Excerpt from WATERFOWLING 101, Duck, Duck, Goose
Daybreak had illuminated two contraptions sitting atop metal rods in the decoy spread. They had plastic bodies of ducks and whirling attachments used to simulate flapping wings.
“Those are roboducks, Jon offered. “They’re designed to catch the attention of ducks and pull them into the decoys by masquerading as real ducks.”
Napoleon then added, “Just don’t shoot ’em! If the birds are low, wait until they are past the robos to pull the trigger.”
“Two pairs comin’ in hot,” interrupted Big D in his raspy “whisper.”
Both he and Napoleon started calling and then backed off.
“Low and coming right at the decoys,” D said. He made one more call and barked, “Take ’em!”
The three of us popped up and the safeties came off. I excitedly and with little thought for the costly hardware in front of us put a bead on the last bird (letting the first few through to the guys to my right, just as I was taught), and just as I went to pull the trigger, I heard the beginning of one last warning: “Watch the—” and the shooting began.
Now the seasoned hunters all knew better than to shoot low until the ducks were past the expensive animated decoys. I, however, was only capable of focusing on one thing, which was shooting ducks. So, when they started firing, my excitement got the better of me and I let loose as well.
When the dust settled, one duck was floating in the water, three ducks were peeling off into the tree line, and plastic shards of roboduck were raining from the heavens into the decoy pattern. I was frozen and didn’t know what to do or say.
Jon and Big D exploded with laughter and Napoleon instantly came unhinged. He launched into an expletive-laced tirade that rivaled some of John McEnroe’s antics at midcourt. I looked over tentatively and noticed an absolutely irate man whose forehead was rippled with near-bursting veins and a face that was red with rage . . . or perhaps frostbite. No, I’m certain it was rage.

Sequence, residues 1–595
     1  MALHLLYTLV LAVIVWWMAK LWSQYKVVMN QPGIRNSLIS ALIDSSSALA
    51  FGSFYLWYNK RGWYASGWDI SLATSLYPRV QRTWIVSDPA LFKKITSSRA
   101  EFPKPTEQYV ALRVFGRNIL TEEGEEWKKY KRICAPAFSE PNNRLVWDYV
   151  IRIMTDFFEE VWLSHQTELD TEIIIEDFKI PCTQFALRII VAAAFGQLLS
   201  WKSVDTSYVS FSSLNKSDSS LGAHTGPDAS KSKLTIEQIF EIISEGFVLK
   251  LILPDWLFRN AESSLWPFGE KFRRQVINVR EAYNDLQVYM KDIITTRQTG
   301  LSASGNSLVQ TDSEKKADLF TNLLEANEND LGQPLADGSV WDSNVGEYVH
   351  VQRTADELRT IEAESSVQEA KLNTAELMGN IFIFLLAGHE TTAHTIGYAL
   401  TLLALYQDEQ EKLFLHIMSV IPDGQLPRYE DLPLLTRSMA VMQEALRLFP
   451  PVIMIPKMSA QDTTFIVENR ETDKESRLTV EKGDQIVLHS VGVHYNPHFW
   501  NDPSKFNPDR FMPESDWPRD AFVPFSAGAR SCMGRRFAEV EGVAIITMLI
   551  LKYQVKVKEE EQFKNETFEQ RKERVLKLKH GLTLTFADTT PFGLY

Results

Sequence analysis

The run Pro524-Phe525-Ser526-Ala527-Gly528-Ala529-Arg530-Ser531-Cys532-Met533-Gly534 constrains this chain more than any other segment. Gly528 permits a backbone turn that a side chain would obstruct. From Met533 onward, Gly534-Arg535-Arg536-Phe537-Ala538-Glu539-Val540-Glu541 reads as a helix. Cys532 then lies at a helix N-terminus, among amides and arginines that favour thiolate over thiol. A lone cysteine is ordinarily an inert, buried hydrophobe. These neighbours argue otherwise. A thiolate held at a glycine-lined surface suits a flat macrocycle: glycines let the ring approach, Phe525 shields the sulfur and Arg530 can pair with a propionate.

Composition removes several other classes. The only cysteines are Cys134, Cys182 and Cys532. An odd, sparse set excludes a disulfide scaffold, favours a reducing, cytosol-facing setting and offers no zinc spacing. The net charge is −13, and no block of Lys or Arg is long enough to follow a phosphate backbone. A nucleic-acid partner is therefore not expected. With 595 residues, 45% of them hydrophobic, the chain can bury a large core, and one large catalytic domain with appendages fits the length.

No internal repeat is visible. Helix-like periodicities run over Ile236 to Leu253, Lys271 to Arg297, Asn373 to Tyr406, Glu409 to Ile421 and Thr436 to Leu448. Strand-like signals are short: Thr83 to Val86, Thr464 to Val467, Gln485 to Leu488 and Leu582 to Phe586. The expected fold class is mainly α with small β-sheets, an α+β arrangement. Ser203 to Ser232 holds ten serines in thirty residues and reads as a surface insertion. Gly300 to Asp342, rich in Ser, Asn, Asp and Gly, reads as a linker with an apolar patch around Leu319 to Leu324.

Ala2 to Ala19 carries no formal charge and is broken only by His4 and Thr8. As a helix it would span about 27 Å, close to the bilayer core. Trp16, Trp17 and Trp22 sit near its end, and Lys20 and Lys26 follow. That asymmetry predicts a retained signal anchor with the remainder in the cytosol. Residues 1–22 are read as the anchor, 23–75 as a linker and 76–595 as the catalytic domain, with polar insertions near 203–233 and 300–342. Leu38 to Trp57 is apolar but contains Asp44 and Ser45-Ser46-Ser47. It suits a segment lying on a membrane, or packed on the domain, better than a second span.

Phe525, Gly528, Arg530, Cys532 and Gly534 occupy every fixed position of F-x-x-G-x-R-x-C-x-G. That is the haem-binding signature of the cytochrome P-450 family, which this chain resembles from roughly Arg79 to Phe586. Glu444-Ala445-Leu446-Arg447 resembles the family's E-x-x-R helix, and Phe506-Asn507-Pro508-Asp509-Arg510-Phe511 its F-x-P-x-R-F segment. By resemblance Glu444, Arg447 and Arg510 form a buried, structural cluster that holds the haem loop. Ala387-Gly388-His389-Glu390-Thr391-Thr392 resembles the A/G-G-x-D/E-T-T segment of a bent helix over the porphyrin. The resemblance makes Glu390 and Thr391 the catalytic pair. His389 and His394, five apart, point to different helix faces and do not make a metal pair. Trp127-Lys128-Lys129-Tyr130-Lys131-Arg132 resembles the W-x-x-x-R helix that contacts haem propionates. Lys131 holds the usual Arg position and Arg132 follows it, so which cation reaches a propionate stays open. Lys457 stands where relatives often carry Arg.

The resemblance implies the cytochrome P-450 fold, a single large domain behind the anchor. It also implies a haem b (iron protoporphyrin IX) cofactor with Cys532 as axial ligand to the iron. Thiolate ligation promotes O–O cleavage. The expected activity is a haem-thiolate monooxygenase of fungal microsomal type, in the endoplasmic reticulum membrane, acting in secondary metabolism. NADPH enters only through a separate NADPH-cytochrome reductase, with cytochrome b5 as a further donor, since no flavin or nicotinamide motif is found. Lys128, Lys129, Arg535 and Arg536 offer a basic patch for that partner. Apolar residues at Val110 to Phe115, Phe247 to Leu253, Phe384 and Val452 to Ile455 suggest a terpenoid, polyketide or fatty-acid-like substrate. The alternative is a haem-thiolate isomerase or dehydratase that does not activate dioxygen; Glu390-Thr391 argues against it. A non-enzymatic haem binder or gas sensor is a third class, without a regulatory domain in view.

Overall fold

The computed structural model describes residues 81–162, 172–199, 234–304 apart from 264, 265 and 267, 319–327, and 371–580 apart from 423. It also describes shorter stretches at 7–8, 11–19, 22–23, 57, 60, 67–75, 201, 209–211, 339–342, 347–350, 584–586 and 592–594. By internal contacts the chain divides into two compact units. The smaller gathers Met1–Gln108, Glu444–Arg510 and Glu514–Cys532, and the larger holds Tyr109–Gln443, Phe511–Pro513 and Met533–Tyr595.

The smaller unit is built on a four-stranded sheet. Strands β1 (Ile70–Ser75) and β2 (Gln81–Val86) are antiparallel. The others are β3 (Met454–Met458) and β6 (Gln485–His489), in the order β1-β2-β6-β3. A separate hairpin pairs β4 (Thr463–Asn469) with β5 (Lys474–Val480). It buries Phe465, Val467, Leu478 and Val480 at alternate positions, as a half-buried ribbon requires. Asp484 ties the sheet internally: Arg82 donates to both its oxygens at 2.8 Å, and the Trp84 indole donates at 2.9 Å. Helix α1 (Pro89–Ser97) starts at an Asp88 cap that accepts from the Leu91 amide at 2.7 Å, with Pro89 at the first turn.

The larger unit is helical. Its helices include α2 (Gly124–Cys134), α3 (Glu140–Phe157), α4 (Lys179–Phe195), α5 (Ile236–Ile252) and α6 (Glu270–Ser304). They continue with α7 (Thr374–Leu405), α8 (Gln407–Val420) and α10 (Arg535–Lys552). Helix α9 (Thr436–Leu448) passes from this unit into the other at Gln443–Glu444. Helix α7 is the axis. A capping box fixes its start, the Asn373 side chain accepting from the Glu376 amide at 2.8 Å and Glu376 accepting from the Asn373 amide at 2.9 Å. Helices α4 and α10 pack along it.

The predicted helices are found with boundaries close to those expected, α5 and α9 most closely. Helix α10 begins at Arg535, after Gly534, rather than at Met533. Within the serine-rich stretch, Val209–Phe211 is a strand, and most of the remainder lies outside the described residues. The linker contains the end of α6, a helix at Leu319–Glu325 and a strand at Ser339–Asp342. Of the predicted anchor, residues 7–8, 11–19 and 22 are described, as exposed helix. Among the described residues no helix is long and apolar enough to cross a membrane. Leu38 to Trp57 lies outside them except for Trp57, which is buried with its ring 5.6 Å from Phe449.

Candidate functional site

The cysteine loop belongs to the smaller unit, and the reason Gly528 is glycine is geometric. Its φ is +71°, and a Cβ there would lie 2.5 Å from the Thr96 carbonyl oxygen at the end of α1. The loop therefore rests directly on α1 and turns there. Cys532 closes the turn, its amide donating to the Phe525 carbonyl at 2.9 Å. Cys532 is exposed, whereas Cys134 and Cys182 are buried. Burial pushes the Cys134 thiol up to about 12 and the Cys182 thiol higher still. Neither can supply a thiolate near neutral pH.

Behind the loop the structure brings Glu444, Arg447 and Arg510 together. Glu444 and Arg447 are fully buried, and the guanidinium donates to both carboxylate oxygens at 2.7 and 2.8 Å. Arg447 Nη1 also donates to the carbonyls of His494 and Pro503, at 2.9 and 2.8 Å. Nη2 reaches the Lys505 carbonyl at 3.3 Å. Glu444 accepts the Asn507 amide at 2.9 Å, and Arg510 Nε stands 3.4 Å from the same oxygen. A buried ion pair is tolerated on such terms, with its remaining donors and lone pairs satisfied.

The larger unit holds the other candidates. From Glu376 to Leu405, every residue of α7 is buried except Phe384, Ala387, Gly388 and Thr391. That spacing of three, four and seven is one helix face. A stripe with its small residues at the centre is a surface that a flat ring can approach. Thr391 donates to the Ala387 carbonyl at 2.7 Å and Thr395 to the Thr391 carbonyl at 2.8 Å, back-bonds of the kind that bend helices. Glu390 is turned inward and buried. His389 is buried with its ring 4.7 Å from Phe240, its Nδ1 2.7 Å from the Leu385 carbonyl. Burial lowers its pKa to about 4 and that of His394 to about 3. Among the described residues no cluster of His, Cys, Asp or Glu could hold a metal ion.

It was nearly impossible to react properly to the situation. I was caught at that moment between apologizing profusely to Napoleon for having blasted the roboduck to hell and beyond or laughing right along with D and Jon.
Napoleon stormed out of the blind, jumped into the boat, pushed off from the bank, and rowed out to bring what was left of the apparatus back to shore.
Honestly, he could have cleaned up the majority of the “debris field” with a Dustbuster—provided he was prepared to go clear to Kansas. I had absolutely annihilated this thing, leaving only a handful of semirecognizable pieces, including the bill, a foot, half of one swinging arm, and a piece of the underbody that was roughly the size of a quarter. (I love three-and-a-half-inch shells!)
Napoleon returned to the blind in a completely sour mood. Besides an apology and a promise to replace it, I really didn’t know what to do. When I attempted to add a bit of levity to the situation by picking up the plastic bill and suggesting that the medical examiner would most likely need to use dental records to identify the victim, my comment drew another round of laughter from the boys, but dead silence from Napoleon, who was adamant that the whole thing simply wasn’t funny. (Of course, he was wrong—it was riotously hilarious. He must have woken up on the wrong side of the bed that morning. That or maybe because I just blasted a one-hundred-twenty-dollar prop he was using to draw birds into the decoys.)